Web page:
Posts tagged ‘atheist’
A pristine second-hand copy of What’s So Great About Christianity? by Dinesh D’Souza became available to me recently. D’Souza tackles the current onslaught of atheistic attacks on Christianity by addressing the primary arguments within the framework of traditional Christianity or the kind of Christianity that takes the Bible to be the revealed word of God, the primary source of revelation.
The first two chapters are, for the most part, a sociological survey of the current success of Christianity as the world’s fastest growing religion. Vibrant Christianity, it seems, is an emerging force particularly in South America, Asia and Africa.
The third and forth chapters contain quite an informed characterization of the atheistic challenge to religion and Christianity in particular. D’Souza quotes a number of prominent figures to highlight their overtly negative views. Had I not read The End of Faith and listened to a portion of The God Delusion audiobook, I might have taken quite a dim view of Dawkins and Harris, considering them to be taking mere elitist positions in relation to science.
However, I now know that while their attacks on religion are strong, both men remain positive and mystically-oriented rather than negative and materialistic…
When I started the series, Why do Christians de-convert?, I said I was analysing de-conversion stories with an eye towards answering a rather simple question about tactics. How can we support or even promote de-conversion?
These stories have shown that there are a number of ways of supporting Christians who make steps towards de-conversion, but in almost every single case it appears that the doubt that led to de-conversion came from within the individual.
Here’s the only story I found among the one hundred and seventeen I examined that credited de-conversion to the specific intervention of an atheist:
I ran into a very good friend and told him the story of my conversion. He was not critical, but kept asking questions about why I took to this religion and specifically required that I put things in my own words instead of mouthing what I had been told. He made me think! and that’s all it took.
We can tell people that there are alternatives to Christianity, and for many people who chafe at the stupidity of religion yet are unable to properly express it, this is liberating. We can raise questions about the dogma, hypocrisy, or the illogical beliefs of religion, but most people who cited these as factors, raised the questions themselves…
Can an atheist be spiritual? This question comes up a lot, and I think it is a fair and natural one. As one of the many who has traversed the difficult road out of Protestant Christian fundamentalism, I would like to offer my own answer to this question. In short: absolutely yes…. but it is important to understand just what a non-theist might mean by “spiritual”. Let me start by looking at how the word “spiritual” is usually understood.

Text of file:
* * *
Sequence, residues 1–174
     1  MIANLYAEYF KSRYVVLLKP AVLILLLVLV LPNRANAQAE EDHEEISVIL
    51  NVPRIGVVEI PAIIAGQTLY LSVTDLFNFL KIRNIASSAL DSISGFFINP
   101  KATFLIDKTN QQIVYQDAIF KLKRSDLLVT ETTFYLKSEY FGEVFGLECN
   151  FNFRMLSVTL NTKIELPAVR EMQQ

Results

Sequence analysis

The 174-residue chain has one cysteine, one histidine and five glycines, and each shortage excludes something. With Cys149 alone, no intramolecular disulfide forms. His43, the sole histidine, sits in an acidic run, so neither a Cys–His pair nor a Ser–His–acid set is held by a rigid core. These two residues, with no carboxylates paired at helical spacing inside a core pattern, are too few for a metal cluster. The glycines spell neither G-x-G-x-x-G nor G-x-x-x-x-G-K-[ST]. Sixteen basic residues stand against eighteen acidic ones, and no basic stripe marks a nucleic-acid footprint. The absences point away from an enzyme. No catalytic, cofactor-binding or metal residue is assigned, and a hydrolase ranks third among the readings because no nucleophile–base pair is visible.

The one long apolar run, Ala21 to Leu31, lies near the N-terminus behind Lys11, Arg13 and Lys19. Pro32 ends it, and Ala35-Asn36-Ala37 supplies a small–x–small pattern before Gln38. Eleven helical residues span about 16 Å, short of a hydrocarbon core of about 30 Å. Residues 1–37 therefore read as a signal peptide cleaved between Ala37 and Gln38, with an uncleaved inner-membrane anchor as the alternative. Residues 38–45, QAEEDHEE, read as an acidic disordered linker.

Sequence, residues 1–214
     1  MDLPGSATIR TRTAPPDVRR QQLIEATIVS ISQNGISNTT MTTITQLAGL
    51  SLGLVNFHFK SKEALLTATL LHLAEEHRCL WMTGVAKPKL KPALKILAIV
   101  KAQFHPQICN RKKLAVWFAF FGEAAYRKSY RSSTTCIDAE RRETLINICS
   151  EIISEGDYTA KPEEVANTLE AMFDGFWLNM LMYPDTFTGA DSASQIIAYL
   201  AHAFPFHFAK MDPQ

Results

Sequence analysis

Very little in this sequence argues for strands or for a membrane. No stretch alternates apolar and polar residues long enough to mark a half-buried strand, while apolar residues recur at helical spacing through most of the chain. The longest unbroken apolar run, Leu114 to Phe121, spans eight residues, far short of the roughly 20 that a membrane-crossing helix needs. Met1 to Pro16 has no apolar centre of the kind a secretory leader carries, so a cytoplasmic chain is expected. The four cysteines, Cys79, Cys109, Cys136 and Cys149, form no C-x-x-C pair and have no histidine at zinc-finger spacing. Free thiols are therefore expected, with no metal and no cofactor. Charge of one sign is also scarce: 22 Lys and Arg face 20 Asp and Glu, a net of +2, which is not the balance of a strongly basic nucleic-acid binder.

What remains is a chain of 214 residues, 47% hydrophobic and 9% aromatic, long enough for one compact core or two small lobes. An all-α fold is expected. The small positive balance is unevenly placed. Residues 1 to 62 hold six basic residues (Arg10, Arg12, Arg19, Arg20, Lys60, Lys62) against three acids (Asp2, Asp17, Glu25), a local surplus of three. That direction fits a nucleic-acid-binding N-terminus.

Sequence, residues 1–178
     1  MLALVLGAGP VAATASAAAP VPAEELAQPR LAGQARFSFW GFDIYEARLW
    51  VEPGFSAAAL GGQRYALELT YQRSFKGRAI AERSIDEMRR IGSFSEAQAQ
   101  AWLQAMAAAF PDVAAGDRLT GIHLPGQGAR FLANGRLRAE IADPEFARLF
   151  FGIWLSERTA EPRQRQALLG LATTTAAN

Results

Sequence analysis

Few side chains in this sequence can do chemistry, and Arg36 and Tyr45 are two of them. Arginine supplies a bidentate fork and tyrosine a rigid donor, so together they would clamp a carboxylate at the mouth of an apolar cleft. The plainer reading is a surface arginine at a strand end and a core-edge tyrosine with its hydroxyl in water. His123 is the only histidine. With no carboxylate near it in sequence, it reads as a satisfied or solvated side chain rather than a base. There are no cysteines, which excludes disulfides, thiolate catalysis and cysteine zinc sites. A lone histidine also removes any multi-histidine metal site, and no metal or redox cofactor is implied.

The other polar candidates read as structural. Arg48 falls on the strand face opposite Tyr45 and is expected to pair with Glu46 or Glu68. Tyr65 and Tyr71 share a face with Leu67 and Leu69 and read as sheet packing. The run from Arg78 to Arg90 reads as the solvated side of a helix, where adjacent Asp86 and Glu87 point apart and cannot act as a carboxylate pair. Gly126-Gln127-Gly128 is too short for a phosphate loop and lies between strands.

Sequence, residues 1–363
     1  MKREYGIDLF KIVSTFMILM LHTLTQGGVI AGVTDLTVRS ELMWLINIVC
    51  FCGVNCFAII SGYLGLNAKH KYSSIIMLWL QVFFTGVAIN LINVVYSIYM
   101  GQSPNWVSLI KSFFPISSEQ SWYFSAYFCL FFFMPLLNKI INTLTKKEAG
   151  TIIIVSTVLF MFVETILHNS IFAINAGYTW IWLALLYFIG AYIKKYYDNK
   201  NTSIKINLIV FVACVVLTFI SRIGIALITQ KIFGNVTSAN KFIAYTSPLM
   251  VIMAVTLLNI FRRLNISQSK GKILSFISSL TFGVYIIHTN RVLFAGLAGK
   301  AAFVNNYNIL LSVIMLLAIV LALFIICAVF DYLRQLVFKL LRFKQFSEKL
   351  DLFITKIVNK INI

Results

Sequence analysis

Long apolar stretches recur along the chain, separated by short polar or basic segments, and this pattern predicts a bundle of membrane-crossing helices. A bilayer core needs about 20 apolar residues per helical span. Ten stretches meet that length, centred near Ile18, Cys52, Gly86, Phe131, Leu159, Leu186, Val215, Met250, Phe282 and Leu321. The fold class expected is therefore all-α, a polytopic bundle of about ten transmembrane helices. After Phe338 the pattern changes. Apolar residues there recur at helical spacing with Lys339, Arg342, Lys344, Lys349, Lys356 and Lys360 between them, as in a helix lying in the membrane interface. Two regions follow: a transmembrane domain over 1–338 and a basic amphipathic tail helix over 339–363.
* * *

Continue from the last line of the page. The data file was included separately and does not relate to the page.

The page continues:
For conservative religionists, “spirituality”, to the extent that they use the term at all, has to do with participation in a supernatural orthodoxy – things like adherence to official doctrine, official sacraments and rituals, being “saved”, revivals/worship, singing hymns, reading the Bible, one’s “walk with God”. Their spirituality is revelation-based. For them, it is God Himself who instructs us how to relate to him, and that is the only avenue seen as open to humans for “spirituality.” God, in short, tells you what the rules are; you either do it or you don’t.
Religious liberals (and, to some extent, moderates), by contrast, are relatively less sure about the next world and more sure about this one. Liberals generally feel that whatever we might know about “God” (however they understand that term) is necessarily filtered through human interpretation and thus, human experience. Thus they tend to accept the methods and findings of both science and the historical-critical approach to religious texts, and will likely see our views about God as at least somewhat (if not entirely) culturally-dependent. They usually have no problem seeing religious myth as myth – i.e., not tied to literal, historical fact – and can find it illuminating and valuable nonetheless…
This book, written from an explicitly atheistic perspective, is unlike many other books about parenting that are available throughout the USA. The editor states that “There are scores of books on religious parenting. Now there’s one for the rest of us” (p. x). In spite of its clearly non-religious posture, this book is not intended to denigrate religion and its practitioners. In fact, McGowan observes at the outset that “religion has much to offer parents: an established community, a predefined set of values. . .comforting answers to big questions, and consoling explanations to ease experiences of hardship and loss” (p. x). Nevertheless, McGowan and many others believe that there are compelling benefits to raising children outside of religious traditions. This book is intended to assist such parents.
The book is divided into nine chapters, each of which is comprised of an introduction by the editor and writings from various authors, many of whom identify themselves as freethinkers. These authors include philosophers, scientists, two Unitarian Universalist ministers, a former Pentecostal minister, a comedian and several others. The chapters address such issues as religious literacy, parenting in a mixed secular/religious marriage, good and bad reasons for belief, celebrating religion-free holidays, developing moral values, coping with death and consolation, developing critical thinking skills and habits, and building secular communities…